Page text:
Friday, 4 March 2016

The Man Who Would be King

The most entertaining, if not necessarily enlightening, criticism is that which combines both a specific distaste and an underlying despair at the gullibility of others. I don't mean the vapid moaning of solipsistic old men at how rubbish modern life is, but the sort of criticism that springs from incredulity that everyone else has been taken in, that they've been suckered. Random examples would be Michael Moorcock's demolition of Tolkien in Epic Pooh or Christopher Hitchens hatchet-job on Mother Theresa. Regardless of the specifics, or even if justified, this is a moral critique of society in which the subject is symptomatic: o tempora o mores. Though this can be progressive, as in the cases of Moorcock and Hitchens, and there is an obvious egalitarian dimension to "cutting someone down to size", this form of criticism is often reactionary and misanthropic, assuming a cultural debasement or moral decline. It is a criticism of popular taste.

This is why the style is rare in politics, except on the fringes where berating the majority for their stupidity or fecklessness never completely goes out of fashion (cue Hitler in bunker video). You can sometimes get away with it in the context of a criticism of party members, though only if you can cast them as out of step with the wider population (as the Labour right are currently trying to do), but the odds are that you will alienate more than persuade, both among the targets of your criticism and the wider population. This presents a particular problem for American conservatism today because the fundamental critique of Donald Trump is that he is being propelled towards the presidential nomination by a psychological reaction to the dumbing-down and instrumentality of US politics that has largely been engineered by the right since the 1970s. As Will Davies puts it, Trump is "a nightmare of the Republican Party’s own making". The need to avoid mentioning this home truth has prompted a number of strategies.

Mitt Romney's belated criticism of Trump, which we can probably assume is representative of the Republican Party establishment, is notable not so much for its frankness in characterising the front-runner as a fraud and an idiot, but in its attempt to cast him as a would-be monarch. This allows Romney to link the party with the Founding Fathers and avoid the need to question its culpability in the normalisation of fraud and idiocy over recent years. For example, Romney notes that The Donald "is the only person in America to whom we have added an article before his name" and that "He inherited his business, he didn’t create it". Conservatives can't criticise actual social elites, and Trump won't be successfully associated with "liberal elites", real or imaginary. Nor can conservatives criticise the power of money in politics or the rights of the successful to demand attention, but they can criticise claims to natural pre-eminence and suggest that Trump's vanity arises from a background of privilege.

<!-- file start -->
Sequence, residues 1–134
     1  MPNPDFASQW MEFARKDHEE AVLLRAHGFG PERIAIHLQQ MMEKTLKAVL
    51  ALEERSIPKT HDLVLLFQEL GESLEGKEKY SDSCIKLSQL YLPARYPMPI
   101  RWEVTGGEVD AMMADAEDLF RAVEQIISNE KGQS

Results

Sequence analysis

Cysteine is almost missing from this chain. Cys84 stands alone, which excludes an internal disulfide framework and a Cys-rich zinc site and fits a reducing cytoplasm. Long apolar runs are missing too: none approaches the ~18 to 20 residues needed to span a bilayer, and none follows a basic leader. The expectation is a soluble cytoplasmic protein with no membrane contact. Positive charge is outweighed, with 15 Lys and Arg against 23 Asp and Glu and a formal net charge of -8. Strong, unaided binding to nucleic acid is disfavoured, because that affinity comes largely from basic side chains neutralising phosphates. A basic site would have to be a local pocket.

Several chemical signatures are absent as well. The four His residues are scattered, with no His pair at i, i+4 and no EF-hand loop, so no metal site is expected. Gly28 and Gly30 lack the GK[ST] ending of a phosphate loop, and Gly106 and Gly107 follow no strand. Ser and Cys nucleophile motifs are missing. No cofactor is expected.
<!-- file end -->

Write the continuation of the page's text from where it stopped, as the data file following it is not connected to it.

This monarchical slant is ironically one that Trump is happy to indulge, from claiming he is so rich that he cannot be bought to insisting that he can personally solve America's problems through sheer force of personality. In recent days he has even been prepared to discuss the size of his penis, conflating his own potency with "making America great again", much like a medieval monarch. Trump loves to talk about "making deals", but more frequent are his wiseguy-like assurances that he can "sort out" one issue or another in an unspecified way. Journalists demanding substance are wasting their breath. What his supporters admire is his demonstration of will (that wall) and his appeal to the id (speak before you think). His narcissism and rudeness are liberating because they question authority, but Trump is no anarchist (though Davies' claim that "As a performance artist, he is a dadaist" is spot on). As a projection of America, he insists he will bow to no one but all will bow to him, but this naked hegemony is unattractive to conservatives because it is arbitrary and personal, leading foreign policy neocons to dismiss him as dictatorial and demand pre-emptive regime change.

Romney's appeal to propriety centres on an image of the president as the embodiment of public manners: "Haven’t we seen before what happens when people in prominent positions fail the basic responsibility of honorable conduct? ... He has neither the temperament nor the judgment to be president". The problem is that the Republican Party has done little to advance this ideal, either in its instrumental promotion of George W Bush and his brother Jeb or in its persistent undermining of Democratic presidents since Jimmy Carter. While it could just about credibly claim that its attempt to impeach Bill Clinton was driven by a belief in his unsuitability for the highest office, its lack of congressional cooperation with Barack Obama, and its indulgence of "Birthers" and other crypto-racist snidery, was a clear mark of disrespect for the presidency as much as for the individual. The office has been brought into disrepute more under Republican presidents than Democratic ones.